It’s already the second day of May and the iris are beginning to show up as if they mean it. Fading daffodils grow obscured by surging daylilies or, to a lesser degree, iris. Each day a new iris or two blossoms for the first time of the season, and it’s impossible to stay out of the garden, especially on those bright, cool, spring mornings.
Clematis have popped out of the ground and some show buds. Although it was not a kind year to hybrid tea roses and most that set foliage before May lost canes due to their impatience and tenderness, some of the hardier roses are showing buds, too. Mme Alfred Carriere is chief among them. The rugosas, David Austin Roses, and hybrid multifloras in the gulch are pretty happy right now, but there was a concern two weeks ago: blackspot from standing water and high humidity had ravaged a few plants until we applied Actinovate bacterial antifungal. One of two Dark Desire roses survives; the other was set back by drought and finished off by frost.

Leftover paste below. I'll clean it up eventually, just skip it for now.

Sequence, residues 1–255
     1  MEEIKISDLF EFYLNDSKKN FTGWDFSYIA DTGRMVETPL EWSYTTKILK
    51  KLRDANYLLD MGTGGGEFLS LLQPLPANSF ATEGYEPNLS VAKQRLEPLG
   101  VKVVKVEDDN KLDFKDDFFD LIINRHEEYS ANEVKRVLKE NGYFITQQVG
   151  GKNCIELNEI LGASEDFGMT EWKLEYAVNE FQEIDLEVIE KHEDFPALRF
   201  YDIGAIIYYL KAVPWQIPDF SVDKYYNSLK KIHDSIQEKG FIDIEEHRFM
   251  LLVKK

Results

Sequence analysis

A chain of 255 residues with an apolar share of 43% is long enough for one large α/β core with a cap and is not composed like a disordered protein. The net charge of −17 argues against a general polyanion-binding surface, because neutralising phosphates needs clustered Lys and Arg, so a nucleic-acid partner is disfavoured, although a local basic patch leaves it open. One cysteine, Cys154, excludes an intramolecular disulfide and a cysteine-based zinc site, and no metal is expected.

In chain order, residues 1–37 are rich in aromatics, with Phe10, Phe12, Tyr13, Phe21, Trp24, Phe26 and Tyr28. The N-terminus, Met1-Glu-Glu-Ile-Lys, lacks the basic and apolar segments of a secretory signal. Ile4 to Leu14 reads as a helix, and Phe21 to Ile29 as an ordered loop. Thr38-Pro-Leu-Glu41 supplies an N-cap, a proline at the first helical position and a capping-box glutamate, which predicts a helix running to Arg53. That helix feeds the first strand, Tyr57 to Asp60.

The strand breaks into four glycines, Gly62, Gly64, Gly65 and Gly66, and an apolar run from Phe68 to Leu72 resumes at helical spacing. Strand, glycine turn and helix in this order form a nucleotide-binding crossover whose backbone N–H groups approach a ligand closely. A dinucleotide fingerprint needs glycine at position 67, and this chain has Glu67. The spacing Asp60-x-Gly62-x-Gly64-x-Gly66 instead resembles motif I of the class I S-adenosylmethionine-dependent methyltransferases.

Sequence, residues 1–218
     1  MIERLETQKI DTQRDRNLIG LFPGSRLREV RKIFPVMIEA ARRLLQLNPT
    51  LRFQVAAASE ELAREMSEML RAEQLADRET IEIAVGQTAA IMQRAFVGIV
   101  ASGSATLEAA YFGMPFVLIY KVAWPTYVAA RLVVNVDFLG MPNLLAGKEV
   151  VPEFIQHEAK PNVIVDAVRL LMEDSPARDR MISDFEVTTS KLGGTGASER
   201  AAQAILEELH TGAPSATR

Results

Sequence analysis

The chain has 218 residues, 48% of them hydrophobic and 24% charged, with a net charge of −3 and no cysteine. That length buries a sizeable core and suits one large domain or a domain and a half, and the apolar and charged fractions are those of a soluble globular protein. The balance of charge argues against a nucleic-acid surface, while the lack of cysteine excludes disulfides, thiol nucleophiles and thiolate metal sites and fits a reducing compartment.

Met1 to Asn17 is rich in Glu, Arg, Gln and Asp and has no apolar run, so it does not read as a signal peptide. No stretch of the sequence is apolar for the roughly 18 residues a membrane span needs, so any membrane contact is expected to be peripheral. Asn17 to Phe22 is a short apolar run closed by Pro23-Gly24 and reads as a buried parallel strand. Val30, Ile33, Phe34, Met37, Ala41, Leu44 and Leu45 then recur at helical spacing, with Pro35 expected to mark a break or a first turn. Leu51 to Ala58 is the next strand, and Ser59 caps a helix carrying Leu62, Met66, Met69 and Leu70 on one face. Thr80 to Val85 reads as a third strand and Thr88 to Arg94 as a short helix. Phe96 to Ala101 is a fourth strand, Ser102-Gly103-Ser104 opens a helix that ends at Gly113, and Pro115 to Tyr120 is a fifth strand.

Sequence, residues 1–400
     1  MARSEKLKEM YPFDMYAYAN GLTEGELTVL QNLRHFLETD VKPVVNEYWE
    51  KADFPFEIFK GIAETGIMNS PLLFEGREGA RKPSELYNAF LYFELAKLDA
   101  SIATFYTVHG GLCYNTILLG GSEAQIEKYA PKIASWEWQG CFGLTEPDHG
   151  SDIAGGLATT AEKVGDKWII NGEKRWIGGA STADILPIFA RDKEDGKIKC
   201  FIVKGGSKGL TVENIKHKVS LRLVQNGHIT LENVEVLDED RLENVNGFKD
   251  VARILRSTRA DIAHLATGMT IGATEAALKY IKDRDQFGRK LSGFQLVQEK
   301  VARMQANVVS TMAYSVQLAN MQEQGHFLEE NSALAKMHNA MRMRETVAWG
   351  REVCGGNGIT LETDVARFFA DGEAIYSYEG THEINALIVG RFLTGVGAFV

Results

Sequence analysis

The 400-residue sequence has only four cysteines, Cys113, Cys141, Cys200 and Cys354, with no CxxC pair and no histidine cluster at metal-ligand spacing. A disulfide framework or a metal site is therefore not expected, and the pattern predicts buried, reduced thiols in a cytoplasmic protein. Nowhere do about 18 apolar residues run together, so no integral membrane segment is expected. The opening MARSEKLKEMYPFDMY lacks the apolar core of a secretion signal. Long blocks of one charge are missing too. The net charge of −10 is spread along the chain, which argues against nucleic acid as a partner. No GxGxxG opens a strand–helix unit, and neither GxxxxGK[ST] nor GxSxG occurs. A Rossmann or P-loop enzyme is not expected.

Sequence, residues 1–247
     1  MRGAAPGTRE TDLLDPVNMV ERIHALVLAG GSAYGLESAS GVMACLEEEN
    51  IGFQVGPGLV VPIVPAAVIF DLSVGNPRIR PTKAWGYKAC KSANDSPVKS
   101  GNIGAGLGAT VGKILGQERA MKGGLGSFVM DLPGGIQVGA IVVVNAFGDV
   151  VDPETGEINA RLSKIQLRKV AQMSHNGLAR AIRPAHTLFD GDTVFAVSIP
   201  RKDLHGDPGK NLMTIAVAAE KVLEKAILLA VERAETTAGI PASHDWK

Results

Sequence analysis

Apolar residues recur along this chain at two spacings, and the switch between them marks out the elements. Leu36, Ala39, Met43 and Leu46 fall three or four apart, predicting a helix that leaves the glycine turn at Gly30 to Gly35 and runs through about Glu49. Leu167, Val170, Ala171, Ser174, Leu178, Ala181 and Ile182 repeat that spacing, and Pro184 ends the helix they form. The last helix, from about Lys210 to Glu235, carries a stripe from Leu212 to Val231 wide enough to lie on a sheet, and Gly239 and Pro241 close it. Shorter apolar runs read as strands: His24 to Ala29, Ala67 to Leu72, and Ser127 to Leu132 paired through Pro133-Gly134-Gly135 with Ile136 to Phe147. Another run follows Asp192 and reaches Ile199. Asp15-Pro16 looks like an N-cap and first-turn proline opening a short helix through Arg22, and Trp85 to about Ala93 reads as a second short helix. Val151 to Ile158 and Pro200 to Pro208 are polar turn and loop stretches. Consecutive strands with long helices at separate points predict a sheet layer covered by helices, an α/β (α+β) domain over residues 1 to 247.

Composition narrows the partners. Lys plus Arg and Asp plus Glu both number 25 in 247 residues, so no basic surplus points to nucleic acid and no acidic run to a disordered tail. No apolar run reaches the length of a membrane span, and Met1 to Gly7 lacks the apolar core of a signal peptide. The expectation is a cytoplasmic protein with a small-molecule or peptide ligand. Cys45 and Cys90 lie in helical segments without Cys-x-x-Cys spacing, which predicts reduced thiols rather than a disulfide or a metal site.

New roses from Heirloom Roses were supposed to go into pots; but we found so many empty spaces from dying roses that nearly all the new ones found spaces in the ground; and there is hope that a few of them will outshine or at least persist better than their predecessors. As gardeners, hope powers our activities. And right now my own garden is full of hopes and dreams.
How does your garden grow?